One of the things I have been considering lately is signing her up for dance class, maybe gymnastics as well. Something to get her moving and using up some energy and maybe teach her a little fun stuff as well, eh? So the dance class I was thinking of was jazz dance--fun, move across the floor a lot, very active.
(Part of this is simply because yours truly just loves jazz dance.)
Suddenly this week, the dotter decided she wants to "dance like a princess".
This meant ballet type moves, garnered from the previews of "The 12 Dancing Princesses" as interpreted by Barbie.
I had to dig old ballet moves out of my memory--pliés, jetés, etc.
So today, I traipsed off to the local dance studio to sign her up for dance. I was about to sign for the jazz dance class (damn, it sounds fun!), but that "dance like a princess" stuck in my head. So I asked the nice lady who was registering me, and she replied, without hesitation, "Oh, ballet, of course!"
Sigh. No jazz.
So the dotter now has pink tights. A black leotard. A pink (shudder) tutu. (The tutu, alas, though billed as "extra small", is falling off her waist. Tiney hiney, indeed.)
When a journalist hears of government employees going to, say, Alaska or Hawaii for a business conference, alarm bells go off, and the word "junket" floats in front of his eyes.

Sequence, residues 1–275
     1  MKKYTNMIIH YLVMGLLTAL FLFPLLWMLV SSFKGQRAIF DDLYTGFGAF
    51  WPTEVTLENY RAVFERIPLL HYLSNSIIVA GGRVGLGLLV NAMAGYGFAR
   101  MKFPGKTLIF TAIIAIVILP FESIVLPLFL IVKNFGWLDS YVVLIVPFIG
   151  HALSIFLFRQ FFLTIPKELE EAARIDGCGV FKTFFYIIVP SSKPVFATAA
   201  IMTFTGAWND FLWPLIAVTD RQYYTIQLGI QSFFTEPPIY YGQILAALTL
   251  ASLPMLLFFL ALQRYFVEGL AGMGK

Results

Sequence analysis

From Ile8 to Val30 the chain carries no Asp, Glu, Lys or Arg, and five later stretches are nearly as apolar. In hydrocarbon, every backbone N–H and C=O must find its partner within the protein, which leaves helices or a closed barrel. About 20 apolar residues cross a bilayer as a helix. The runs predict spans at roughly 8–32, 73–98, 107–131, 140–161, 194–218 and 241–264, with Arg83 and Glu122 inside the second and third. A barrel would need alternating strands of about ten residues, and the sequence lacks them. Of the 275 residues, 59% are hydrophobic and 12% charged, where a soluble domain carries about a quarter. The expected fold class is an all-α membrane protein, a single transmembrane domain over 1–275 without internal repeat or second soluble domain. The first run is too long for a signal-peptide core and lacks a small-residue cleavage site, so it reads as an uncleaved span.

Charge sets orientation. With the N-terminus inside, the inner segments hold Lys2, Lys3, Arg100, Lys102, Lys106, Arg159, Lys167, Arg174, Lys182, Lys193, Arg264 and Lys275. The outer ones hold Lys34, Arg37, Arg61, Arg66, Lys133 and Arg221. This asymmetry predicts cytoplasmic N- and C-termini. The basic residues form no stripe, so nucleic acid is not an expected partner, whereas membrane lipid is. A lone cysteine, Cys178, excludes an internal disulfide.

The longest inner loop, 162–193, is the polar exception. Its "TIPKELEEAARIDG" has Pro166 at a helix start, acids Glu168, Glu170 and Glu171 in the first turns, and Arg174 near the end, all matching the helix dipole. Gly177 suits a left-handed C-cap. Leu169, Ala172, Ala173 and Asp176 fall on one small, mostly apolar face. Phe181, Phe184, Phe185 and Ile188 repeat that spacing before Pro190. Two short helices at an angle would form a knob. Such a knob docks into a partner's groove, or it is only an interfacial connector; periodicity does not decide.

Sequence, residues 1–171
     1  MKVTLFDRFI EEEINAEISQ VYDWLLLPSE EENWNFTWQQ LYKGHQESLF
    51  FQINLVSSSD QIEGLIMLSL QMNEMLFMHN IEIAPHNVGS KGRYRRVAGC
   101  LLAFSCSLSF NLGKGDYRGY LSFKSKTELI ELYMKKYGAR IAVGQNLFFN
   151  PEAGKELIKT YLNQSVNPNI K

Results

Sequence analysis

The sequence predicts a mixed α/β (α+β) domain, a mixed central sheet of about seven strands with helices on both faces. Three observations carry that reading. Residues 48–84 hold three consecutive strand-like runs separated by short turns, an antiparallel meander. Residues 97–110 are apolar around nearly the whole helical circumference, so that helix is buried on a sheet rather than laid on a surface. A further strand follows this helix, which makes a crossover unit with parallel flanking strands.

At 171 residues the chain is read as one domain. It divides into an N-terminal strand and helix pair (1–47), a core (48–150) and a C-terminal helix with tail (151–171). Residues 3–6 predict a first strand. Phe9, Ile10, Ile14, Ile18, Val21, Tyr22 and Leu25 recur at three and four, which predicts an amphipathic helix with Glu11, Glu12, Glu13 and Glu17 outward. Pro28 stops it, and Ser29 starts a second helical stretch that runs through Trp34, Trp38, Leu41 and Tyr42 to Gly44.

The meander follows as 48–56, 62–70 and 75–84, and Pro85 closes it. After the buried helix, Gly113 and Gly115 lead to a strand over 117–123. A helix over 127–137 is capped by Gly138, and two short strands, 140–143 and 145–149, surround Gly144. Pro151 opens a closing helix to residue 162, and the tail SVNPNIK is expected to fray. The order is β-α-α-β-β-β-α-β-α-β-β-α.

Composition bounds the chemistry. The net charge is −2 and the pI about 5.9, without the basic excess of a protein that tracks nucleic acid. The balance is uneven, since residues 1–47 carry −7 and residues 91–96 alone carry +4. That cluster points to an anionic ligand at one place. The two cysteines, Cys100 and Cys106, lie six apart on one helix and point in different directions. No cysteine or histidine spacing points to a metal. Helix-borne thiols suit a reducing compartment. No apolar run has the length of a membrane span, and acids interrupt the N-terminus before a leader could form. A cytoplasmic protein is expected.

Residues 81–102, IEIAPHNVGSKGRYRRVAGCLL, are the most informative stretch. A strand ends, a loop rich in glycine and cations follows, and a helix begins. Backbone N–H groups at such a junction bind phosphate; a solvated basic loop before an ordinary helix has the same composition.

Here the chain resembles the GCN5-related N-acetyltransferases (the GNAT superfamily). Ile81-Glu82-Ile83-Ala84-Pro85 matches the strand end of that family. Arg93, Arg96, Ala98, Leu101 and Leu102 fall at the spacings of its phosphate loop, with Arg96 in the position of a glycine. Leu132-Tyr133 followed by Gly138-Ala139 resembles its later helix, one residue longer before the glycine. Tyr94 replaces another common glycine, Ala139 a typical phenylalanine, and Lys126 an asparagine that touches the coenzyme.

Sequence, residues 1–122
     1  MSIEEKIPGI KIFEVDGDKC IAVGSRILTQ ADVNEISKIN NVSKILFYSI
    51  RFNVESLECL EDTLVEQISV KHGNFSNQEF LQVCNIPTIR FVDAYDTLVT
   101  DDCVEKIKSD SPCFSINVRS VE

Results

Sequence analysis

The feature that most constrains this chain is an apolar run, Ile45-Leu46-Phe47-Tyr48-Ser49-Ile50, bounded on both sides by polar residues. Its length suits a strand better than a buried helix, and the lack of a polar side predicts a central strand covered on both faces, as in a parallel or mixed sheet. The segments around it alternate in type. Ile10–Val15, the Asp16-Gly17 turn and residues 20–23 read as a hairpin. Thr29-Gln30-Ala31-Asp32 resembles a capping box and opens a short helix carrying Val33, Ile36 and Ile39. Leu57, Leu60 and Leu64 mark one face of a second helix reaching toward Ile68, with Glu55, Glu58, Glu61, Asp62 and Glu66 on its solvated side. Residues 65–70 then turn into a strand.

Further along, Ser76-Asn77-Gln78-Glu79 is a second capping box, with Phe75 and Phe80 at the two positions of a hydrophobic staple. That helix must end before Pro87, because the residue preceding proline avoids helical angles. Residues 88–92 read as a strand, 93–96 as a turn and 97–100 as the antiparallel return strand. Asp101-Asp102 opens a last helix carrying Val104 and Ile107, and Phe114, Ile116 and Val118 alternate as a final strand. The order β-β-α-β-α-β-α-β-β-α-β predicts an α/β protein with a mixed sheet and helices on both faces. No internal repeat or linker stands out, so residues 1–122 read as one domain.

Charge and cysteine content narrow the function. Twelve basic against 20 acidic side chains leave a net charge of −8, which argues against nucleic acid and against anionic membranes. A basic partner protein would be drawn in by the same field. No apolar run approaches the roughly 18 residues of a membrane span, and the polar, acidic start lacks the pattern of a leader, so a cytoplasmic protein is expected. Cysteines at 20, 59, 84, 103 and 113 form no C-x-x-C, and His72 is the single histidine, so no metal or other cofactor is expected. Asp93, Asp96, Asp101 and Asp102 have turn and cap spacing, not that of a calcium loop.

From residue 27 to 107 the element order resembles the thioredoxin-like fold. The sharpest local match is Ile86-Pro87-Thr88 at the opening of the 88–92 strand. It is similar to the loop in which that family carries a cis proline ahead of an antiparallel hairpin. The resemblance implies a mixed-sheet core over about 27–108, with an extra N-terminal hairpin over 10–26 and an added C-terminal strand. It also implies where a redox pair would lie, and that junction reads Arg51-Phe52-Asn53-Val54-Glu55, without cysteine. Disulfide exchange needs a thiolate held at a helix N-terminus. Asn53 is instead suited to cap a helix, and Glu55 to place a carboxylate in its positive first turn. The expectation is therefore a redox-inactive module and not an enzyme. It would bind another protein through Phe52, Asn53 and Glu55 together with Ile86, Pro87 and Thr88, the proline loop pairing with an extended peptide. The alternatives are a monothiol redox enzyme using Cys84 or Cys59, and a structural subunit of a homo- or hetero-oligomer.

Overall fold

Inevitably, the image is one of plump public servants lounging on the beach or in the mountains, drinking fancy cocktails, swimming, hiking, generally enjoying an exotic vacation at the taxpayers' (or stockholders') expense, with little to no "real work" getting done.
No-one thinks of five straight 14-hour days. No-one hears about the junketeers having to travel on their own time. No-one knows about the (sob!) lonely spouses left to fend on their own with small children.
Networking, poster presentations, career training, outreach strategies, committee presentations, project ideas, balancing tech and human outreach, previews of new technology, cross-cultural communications, mentoring, networking, networking, networking...
(It's not my schtick. The kind of workshops that make me drool are tips and tricks for database maintenance, programming information, web design, stuff like that.)